Forde Abbey
Forde Abbey is a privately owned former Cistercian monastery in Dorset, England. The house and gardens are run as a tourist attraction while the 1,600-acre (6.5 km 2) estate is farmed to provide additional revenue. Forde Abbey is a Grade I listed building.

Between 1133-36, wealthy nobleman Richard de Brioniis built a priory on his land at Brightley (meaning "bright" or "clear" pasture) and invited Gilbert, Abbot of Waverley in Surrey, to send 12 monks to form a new Cistercian community there. One story is that the agricultural land surrounding the new priory was insufficiently fertile, forcing the monks to consider returning to the mother house in 1141. However, Adelicia de Brioniis, the sister of Richard and successor to his estate, offered them an alternative site close to the River Axe in the manor of Thorncombe. Here, between 1141”“48, they built a new priory which came to be known as "Ford" due to its proximity to an old river crossing. The monastery was dedicated to the Virgin Mary. The foundation grew and became very wealthy, eventually possessing lands over 30,000 acres (120 km 2) by the 14th century. The third abbot, Abbot Baldwin, became Archbishop of Canterbury. Abbot Chard, the last abbot of Forde at the time of the dissolution of the monasteries, surrendered the abbey to the Crown peacefully in 1539. The abbey buildings and lands were leased to Richard Pollard. For a century, the abbey was neglected and parts of the buildings were demolished to provide stone for other construction. In 1649, the estate was purchased by Edmund Prideaux (died 1659), Member of Parliament for Lyme Regis. He supported the Parliamentary cause during the English Civil War and was the attorney-general for most of the Interregnum. He made a fortune practising law and running the Parliamentary postal service. Having purchased the property he converted the buildings into his private home. The house remained largely unchanged during the 18th century, though the gardens were created during this period. In 1815, the house was rented to the philosopher Jeremy Bentham. During the 19th century the house was owned by a succession of owners, some of whom neglected the house while others attempted to renovate it. In 1905, the cousin of the last owner inherited the house and moved in with her husband Freeman Roper, whose descendants still own and occupy the house and estates.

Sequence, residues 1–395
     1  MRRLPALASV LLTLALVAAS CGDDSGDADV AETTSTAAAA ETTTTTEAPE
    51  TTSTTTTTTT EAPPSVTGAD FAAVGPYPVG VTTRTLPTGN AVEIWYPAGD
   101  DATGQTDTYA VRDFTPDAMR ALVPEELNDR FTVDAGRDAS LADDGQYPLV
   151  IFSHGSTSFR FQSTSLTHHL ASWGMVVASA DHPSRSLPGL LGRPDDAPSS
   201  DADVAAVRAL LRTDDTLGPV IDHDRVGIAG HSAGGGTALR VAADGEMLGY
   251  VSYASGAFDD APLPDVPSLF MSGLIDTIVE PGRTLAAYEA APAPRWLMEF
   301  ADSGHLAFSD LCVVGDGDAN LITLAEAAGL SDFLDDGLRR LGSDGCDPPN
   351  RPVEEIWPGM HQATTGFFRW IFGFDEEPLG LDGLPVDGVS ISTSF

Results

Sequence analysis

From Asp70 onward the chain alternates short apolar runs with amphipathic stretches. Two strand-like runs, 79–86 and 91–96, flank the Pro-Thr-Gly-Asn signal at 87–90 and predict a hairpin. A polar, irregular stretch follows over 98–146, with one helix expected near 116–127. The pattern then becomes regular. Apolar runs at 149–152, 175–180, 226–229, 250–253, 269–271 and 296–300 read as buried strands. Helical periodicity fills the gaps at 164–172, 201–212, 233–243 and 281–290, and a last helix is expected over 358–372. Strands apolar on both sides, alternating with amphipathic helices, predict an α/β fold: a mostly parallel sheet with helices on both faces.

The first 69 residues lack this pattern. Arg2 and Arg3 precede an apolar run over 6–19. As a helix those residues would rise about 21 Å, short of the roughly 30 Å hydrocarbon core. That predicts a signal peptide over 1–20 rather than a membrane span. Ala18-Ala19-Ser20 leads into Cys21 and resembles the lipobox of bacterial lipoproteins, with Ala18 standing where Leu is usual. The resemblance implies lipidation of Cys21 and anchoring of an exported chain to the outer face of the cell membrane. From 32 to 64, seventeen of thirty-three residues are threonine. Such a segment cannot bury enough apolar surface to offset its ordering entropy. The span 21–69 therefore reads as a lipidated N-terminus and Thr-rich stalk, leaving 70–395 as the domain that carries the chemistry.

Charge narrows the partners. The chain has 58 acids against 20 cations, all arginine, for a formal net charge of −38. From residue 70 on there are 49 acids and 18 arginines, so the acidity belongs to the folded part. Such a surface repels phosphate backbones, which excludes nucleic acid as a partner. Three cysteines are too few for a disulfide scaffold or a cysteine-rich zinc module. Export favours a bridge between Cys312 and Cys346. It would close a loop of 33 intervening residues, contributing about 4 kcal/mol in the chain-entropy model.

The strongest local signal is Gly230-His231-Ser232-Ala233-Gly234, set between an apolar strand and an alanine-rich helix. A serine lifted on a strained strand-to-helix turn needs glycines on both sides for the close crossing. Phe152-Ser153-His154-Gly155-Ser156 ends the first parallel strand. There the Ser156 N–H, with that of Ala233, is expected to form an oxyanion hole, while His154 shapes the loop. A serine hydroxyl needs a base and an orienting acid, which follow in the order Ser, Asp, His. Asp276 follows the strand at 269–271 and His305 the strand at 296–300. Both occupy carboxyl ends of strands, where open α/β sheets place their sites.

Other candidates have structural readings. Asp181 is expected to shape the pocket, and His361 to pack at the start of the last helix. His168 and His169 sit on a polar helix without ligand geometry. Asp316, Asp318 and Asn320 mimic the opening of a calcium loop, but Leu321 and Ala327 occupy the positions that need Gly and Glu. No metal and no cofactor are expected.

House and gardens
Much of the original monastery, including the abbey church was demolished in the period after the dissolution, only two statues, now on display in the Great Hall, have been found from the original church. The monastic parts of the current house are the Great Hall, the north side of the original square of the cloisters as well as the monk's accommodation, the Upper Refectory and the Undercroft which was the abbey's working area and the Chapter House which has been converted into a chapel. Other rooms have been subsequently converted into State Rooms and show no evidence of their earlier use. Prideaux added some bedrooms and a reception area in the front of the building as part of his conversion of the abbey to a private house. The gardens of Forde Abbey are one of the main attractions. The Roper family has maintained and improved the gardens during their tenure. The gardens cover 30 acres (120,000 m 2) including several water features, planted gardens and an arboretum. The lawns were laid out in front of the house in the 18th century and many of the trees were planted in the 19th century. The Great Pond, which was originally the head pond for a watermill feeds a series of cascades down the hill to three smaller ponds which were a part of the gardens laid down in the 18th century. On the edge of the Great Pond is the Beech House, a structure formed from beech hedges which was created in the 1930s to provide a bird watching hide overlooking the pond. There is also a Bog Garden by the pond. In the second largest pond, the Mermaid pond, the Roper family installed the Centenary fountain in 2005 to commemorate the centennial of their ownership of Forde Abbey. At 160 feet (49 m) in height, it is claimed to be the highest powered fountain in England. Closer to the house surrounding the Long pond, there is extensive planting of flowering plants which provide a colourful sight in the summer months. Behind the house, there is a Victorian walled kitchen garden which originally supplied the house with food but is now mostly used as a nursery to provide plants for sale to the visitors.

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